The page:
It…

It plays upon the glowing, sunset boughs,
When shadows have enveloped all below,
And distant, other-worldly thoughts arouse
A passion in the poet’s soul to go
Beyond the earth, beyond the dark’ning sky,
Where only unembodied spirits fly.

It beckons coyly in that certain look
The woodland flower wears in the morning light,
Half-hidden in the shadows, by a brook
Which murmurs gently, as if to invite
The mind in endless beauties to immerse,
Unfolding in its little universe.

It guides by unseen force the flock of birds
That swirls and soars upon the twilight air,
And all that lives and breathes, as if by words
Unspoken, though however unaware,
Yet dance as its mysterious music sways
And with our noblest thoughts of freedom, plays.

And then, it sometimes visits in a form
That haunts like some gigantic destiny;
The dark and threatening beauty of a storm
Whose coming flash of jagged light we see,
Yet feel, as all around the thunder rolls,
A primal freedom stirring in our souls.

But most, I see it in another’s eyes,
That sparkle when a thought is born within,
Or fill with tears when holy passions rise
That speak of what could be, or could have been;
And I am in the presence of a force
That is all other earthly Beauty’s source.

 

The Snowflake

The brooding mists of my thoughts haunt the morn,
And heavily upon the meadows lie,
Until, on faintly whispering winds, they’re born
Aloft, into the brightening morning sky,
And there, as if by magic, high above
The dreaming earth, dance with the rays of sun,
And are transformed by breath of Heaven’s love
To infinitely lovely forms, each one
A miracle that never was before!
And like angels rejoicing in new birth,
In dazzling beauty for a moment soar
Above the clouds, then gently fall to earth;
They’re mine no more than is the morning dew,
And so I leave them on the page for you.

 

Daniel Leach is a poet living in Houston, Texas. He has spent much of his life fighting for the ideals of classical culture and and poetry. His poems have been published on the 21st century classical poetry website www.thechainedmuse.com. More of his writings can be found here.


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9 Responses

  1. James Sale

    Beautiful poems, both of them. I love the craft that has gone into these, and I love the thematic preoccupations that drive the work: there is an intense passion here for what is beautiful and your poetry is, I feel, inspired by Apollo. Recently I have had an article published on the Epoch Times about Apollo and the writing of poetry, and perhaps it would be appropriate to direct you to it here: https://www.theepochtimes.com/apollo-and-the-making-of-poetry_2776708.html

    Reply
  2. Joseph S. Salemi

    Both poems are very finely executed.

    One suggestion for “The Snowflake”: in line 3, I believe the last word should be spelled “borne,” not “born,” since you are using the verb /to bear/ in the sense that means “to carry.” The form “born” is only used in reference to the birth process (“He was born on July 5th”).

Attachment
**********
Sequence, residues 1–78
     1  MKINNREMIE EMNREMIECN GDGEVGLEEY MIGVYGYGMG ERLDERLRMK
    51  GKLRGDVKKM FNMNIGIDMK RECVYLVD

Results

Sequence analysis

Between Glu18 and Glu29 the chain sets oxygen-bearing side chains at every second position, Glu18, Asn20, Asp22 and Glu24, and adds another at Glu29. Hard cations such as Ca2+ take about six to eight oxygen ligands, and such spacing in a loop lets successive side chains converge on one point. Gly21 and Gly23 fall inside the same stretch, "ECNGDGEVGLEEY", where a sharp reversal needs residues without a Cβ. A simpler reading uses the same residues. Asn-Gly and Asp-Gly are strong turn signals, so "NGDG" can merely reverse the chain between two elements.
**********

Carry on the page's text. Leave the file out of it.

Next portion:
Reply
  3. Monty

    I’m practically drooling at the sheer quality of the timeless ‘It’, Dan. This is poetry in its purest form.. a deeply-felt sentiment: animated with an effortlessly-rich use of language: perfectly clear and unambiguous diction: and with every required discipline impeccably undertaken.

    What’s more, it contains a deep and meaningful subject-matter: meaningful in the sense that many writers can feel/have felt the ‘something’ to which the poem refers (which, indeed, endows some with the very compulsion to write) . . and deep because that ‘something’ will always remain deliciously enigmatic; not seen.. not tangible.. just ‘there’.

    I feel (hypothetically) that if I encountered this poem in an anthology containing the work of renowned poets . . it’d look entirely appropriate.

    I sincerely hope that this poem is somehow able to achieve a far wider audience, and I implore you (unless you already have) to send it to as many avenues as possible within the poetry-world (‘It’ should see the world . and the world should see ‘It’); and if no one’s interested, then ‘proper’ poetry really is in trouble.

    I share the “envy” of the above commenter . .

    Reply
    • Monty

      It’s just occurred to me . . . that because of my utter lavishment over ‘It’, you could be excused for assuming that I was indifferent to ‘Snowflake’. Not the case! No one appreciative of real poetry could be indifferent to ‘Snowflake’; as well as all its other qualities, it’s so grammatically-disciplined that it can get away with only one full-stop throughout. And as for the profound line: “. . each one a miracle that never was before” – well, that’s as good as it gets. This is another high-class poem, Dan: but ‘It’ . . .

      Reply
  4. Davey

    Dear Daniel Leach,

    Sound the trumpets! Bravo!

    I have never commented on a website before, I don’t know if I ever will again, but never have I been so moved and so taken away by the glowing sound and triumphant belief that lives in your language and is consistent throughout all of your poetry.

    You have exceptional talent that has clearly been refined and sharpened to further drive in the tap into the tree of life so that the grand and invisible glory of this dear venture can drip and ping into your pen. Keep bringing us rainbows!

    Please, please keep writing as if the grace of dawn, Beauty and snowflakes depend on it. Because they do!

    I humbly offer my gratitude and high praise,

    Davey

    Reply

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